When I was assigned to review 8 Seconds, my enthusiasm was apathetic to say the least. "I can't stand even an hour of Luke Perry on 90210, so how would I get through two hours?" I thought. But I was pleasantly surprised. Perry didn't do all that badly, and the movie was actually entertaining!
8 Seconds is the life story of Lane Frost, perhaps the greatest bull rider in recent history. The pinnacle and tragic end of his illustrious career took place during the mid to late '80s while he was in his mid-20s.
The opening scene depicts young Lane watching his father round up a herd of bulls and proclaiming that someday he'll be riding those bulls instead of herding them. We then see him as a teenager riding bulls in competition when he's not shoveling manure on his dad's farm.
By this time you can tell he's not your average cowboy in ability or manner. He's beating the other competition by a mile, then offering tips and words of encouragement to an aspiring young bull rider while his compadres stand in the corner, chew tobacco, and poke fun at Lane for being such a goody-two-shoes.
Lane quickly starts climbing the ladder of bull riding success and before you know it, he reaches the top rung and becomes world champion.
Even though the acting in 8 Seconds is nothing more than average, it's nice to see Perry play a role beyond his usual brooding, rebel-without-a-cause characters. Still, his acting talents are a little questionable.
The best performance in the film would have to be Stephen Baldwin as Frost's best friend and fellow bull rider, Tuff Hedeman, who's the complete antithesis of Frost's good-boy image.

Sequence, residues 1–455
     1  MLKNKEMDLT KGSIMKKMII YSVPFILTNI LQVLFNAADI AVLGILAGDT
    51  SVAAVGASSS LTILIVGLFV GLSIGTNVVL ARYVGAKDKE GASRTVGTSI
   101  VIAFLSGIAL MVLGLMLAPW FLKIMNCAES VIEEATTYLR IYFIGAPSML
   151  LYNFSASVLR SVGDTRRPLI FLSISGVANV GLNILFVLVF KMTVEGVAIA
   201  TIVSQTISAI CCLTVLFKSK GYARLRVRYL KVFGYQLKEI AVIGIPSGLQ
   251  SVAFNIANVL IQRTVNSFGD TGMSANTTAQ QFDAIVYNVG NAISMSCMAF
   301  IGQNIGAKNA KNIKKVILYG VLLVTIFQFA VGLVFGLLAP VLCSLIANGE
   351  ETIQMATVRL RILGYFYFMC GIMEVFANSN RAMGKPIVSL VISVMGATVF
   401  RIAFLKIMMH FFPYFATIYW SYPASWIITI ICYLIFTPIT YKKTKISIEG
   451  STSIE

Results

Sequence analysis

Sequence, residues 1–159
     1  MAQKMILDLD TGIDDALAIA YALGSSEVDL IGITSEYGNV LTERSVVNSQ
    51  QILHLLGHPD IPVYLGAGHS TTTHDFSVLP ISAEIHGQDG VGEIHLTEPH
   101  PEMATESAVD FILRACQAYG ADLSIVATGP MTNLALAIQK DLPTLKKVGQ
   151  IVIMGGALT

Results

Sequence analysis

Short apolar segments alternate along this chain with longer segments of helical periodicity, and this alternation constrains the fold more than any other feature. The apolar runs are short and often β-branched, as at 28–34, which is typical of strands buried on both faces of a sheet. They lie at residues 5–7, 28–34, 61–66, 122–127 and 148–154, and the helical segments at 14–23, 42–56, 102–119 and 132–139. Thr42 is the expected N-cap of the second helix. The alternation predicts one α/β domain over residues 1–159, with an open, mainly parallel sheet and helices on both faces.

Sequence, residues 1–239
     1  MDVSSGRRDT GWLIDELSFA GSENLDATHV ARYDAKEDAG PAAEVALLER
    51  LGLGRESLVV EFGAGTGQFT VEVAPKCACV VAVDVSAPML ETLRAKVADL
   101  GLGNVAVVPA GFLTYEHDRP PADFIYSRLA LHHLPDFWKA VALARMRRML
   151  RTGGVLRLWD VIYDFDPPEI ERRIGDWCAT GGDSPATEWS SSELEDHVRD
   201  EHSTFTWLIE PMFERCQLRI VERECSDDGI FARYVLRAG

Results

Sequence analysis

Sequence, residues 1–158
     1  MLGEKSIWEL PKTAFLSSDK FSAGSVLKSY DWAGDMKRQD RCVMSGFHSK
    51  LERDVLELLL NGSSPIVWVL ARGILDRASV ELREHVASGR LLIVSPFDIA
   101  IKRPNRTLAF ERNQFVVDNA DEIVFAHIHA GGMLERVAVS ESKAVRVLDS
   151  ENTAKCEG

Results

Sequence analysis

The worst performance by far is by Cynthia Geary (Northern Exposure) in her big screen debut as Lane's wife. She's the stereotypically submissive homemaker who is at Lane's every beck and call; she drives 400 miles just to wash his dirty underwear. Her sappy lines and overall lack of individuality will make most females in the audience want to heave their Goobers.
In an age when most world champion athletes have world champion egos to go along with them, 8 Seconds paints a picture of Frost not as a macho, egotistical bull rider, but more like Mother Teresa in cowboy boots. Not to say he isn't tough; he endures having a bull thrust a hoof into his groin, a scene guaranteed to make every male in the theater let out a groan of pain.
Even though Frost suffers a minor infidelity and a slight attitude change during his world champion status, he remains the same goody-goody he was at the beginning of the movie.
Frost has one major inner conflict: Nothing he accomplishes is good enough for his father who had successes as a bull rider himself. Frost spends his life searching for the thing most other males do, his father's approval. Frost isn't the typical Hollywood hero because other than his bull riding adventures he led a pretty boring life.
Overall, I recommend 8 Seconds, despite the fact that some of the scenes in-between the bull riding sequences can be drawn out and predictable. Those with short attention spans be forewarned, you may experience boredom and fidgety hands during these scenes. Stick with it though, because the bull riding makes up for it, and the end credits show you the real Lane Frost. Casting did itself proud for the striking resemblance most of the characters have to their real-life counterparts.
If you happen to venture out and see 8 Seconds, prepare yourself for the possibility that you may be sitting with an audience consisting of tobacco-chewing wanna-be cowboys with unshaven faces, oversized belt buckles, ridiculous shirts, 10-gallon hats, and the boots to match.
There also may be a few senior citizens scattered among the crowd whose Whisper 2000s are obviously on the fritz, and who, every now and then, scream to the person nearest to them, "What did he say?" But never mind them; the occasional "Wahoo!" from the cowboys will drown out any noise from the elderly folks.
Cool audience for a rodeo flick.
St. Petersburg High School